Last year, between the two of us, we watched an average of 317 movies.
This year our goal is to top that by watching at least one a day.
And as an extra special torture, we've decided to write about all of them.

06 January 2008

Death Sentence, dir. James Wan (2007)

NIKKI says:

I said to Steve earlier in the day: This is how much I love Kevin Bacon: I'm watching a James Wan film. Wan and his partner Leigh Whannell are a disease; their Saw franchise has secured them comfy spots in Film Hell, and regular hell, too, if there's any justice in the world. My disdain for this pair of whores knows no bounds. Saw was a lame horror movie, but whatever -- lame horror movies abound. But three sequels in as many years? Can you ever have enough money, guys? Really?

Ugh, anyway. That's a whole other rant.

Death Sentence -- Kevin or no Kevin -- was shit. I've had a few hours to think about it, and, yep, it was terrible. I'm offended and appalled that this drivel has the words "based on a novel by Brian Garfield" in its opening credits. Which novel? Because this bears no resemblance whatsoever to Garfield's book of the same name. What So Ever. At best, it's remake of Death Wish II, if only because, like that movie, it shits all over every point Garfield ever tried to make in his books. There's no social value here, just excuses for shoot-outs and blood. And, spoiler alert, killing Kelly Preston was beyond stupid.

So we have a man pushed to the edge because gang members slaughtered his son in an initiation ritual -- he starts killing them back. But that's not good enough -- to really get mean, he needs to lose his wife and other son (almost), too. That's when he gets to head-shaving point, which any good movie watcher knows is the number one sign a character has gone over the edge. Ugh.

Kevin! Oh man. He tried to find the soul here, but he failed. He was always going to fail, because there's no evidence a soul was even lurking at the edges waiting to be found. The question here is not how far can we push a man before he turns into a killer, but how far can we push him (not just his son, but his WIFE too) until his killing becomes our sport? Paul Kersey's original murder-spree in Death Wish was horrible, to the point where the guy had to vomit in the bushes to rid himself of his own bile and disgust at what he was doing. He wanted to make a real change, and used his grief, however misguidedly, to do that. In this movie, it was just vicious violence as in retaliation for same.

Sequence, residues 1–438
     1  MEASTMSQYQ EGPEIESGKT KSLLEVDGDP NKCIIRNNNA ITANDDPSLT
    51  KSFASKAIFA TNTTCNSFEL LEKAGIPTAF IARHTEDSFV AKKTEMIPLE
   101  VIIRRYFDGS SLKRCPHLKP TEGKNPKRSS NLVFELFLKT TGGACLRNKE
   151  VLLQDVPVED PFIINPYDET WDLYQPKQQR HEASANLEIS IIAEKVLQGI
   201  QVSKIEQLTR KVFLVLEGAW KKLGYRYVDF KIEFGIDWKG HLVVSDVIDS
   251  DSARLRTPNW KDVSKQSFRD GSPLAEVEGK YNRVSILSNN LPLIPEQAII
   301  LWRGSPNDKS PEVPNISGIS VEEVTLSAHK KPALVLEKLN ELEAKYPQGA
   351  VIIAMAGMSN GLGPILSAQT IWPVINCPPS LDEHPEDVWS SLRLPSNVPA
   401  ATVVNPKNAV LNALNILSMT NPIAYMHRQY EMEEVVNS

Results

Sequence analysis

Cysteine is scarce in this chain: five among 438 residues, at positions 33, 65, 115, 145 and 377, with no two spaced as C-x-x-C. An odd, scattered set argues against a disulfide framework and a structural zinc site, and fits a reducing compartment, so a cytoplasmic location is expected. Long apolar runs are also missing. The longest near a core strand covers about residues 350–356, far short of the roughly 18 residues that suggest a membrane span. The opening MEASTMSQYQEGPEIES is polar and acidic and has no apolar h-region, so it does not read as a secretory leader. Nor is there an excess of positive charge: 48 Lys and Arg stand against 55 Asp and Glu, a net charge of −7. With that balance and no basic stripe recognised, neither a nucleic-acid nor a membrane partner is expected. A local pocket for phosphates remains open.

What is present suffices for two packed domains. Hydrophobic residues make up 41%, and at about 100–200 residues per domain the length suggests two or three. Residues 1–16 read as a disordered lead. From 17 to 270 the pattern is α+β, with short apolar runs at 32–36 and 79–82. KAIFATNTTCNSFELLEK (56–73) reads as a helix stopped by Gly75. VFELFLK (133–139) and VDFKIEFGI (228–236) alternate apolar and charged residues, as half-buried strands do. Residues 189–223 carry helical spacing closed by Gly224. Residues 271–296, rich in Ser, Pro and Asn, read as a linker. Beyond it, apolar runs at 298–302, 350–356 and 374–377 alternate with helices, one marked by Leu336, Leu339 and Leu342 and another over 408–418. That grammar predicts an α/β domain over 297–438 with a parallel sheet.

And I say again, so Kevin kills them all and them the film is over: what does he do tomorrow? What has he really solved? The film breaks him so much, they forget he will actually LIVE at the end of it. But what has he got?

1.5 out of 5 because Kevin gave his all.

STEVE says:
Death Sentence bares only fleeting resemblance to the novel it's based on, and instead desperately wants to be a remake of the movie that the novel it's based on is a sequel to. (Follow that?) The story was adapted with the same degree of fidelity that Kubrick showed King's book when he made The Shining. "Big scary hotel, drunk guy, psychic kid - let's roll!" That's what Death Sentence feels like: it employed some of the elements of the original story, but only enough so that you'd be forgiven if you didn't recognize it. The same could be said about the recent Jodie Foster flick, The Brave One. While not "based on a book by Brian Garfield" (a book, not the book), Jodie's flick could just as easily fall into the Death Wish remake/sequel category - along with about a thousand other indistinguishable revenge fantasy flicks.

One thing you can say about Kevin Bacon: Even though he's made some questionable film choices (The Hollow Man, Trapped), he's always giving 100%. It's a shame to watch someone like that, acting the hell out of a part, when no one else involved seems to give much of a fuck one way or another.


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